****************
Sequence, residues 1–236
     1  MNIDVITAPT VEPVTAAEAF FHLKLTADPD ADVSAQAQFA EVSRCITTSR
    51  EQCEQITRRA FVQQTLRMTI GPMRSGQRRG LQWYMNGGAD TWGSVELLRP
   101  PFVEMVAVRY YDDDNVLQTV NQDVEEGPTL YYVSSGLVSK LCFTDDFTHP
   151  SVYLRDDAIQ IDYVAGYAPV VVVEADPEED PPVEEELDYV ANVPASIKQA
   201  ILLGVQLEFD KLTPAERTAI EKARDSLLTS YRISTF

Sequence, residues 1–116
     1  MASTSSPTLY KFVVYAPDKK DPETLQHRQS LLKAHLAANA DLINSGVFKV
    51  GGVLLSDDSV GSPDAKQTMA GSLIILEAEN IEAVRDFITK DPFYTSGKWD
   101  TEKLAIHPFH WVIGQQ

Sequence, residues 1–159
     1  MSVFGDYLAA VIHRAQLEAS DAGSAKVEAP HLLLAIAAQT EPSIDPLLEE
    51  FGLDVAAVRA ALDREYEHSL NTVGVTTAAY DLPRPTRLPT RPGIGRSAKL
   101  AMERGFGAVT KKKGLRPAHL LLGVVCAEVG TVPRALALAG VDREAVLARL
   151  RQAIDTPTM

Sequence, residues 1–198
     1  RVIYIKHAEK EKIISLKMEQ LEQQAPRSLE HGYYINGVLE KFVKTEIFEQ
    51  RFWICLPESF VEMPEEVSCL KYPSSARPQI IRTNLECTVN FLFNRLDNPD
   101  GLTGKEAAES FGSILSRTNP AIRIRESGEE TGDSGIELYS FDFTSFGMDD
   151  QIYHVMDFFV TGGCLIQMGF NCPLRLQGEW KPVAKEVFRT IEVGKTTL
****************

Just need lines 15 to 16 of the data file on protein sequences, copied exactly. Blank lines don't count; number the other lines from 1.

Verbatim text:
   151  RQAIDTPTM

Sequence, residues 1–198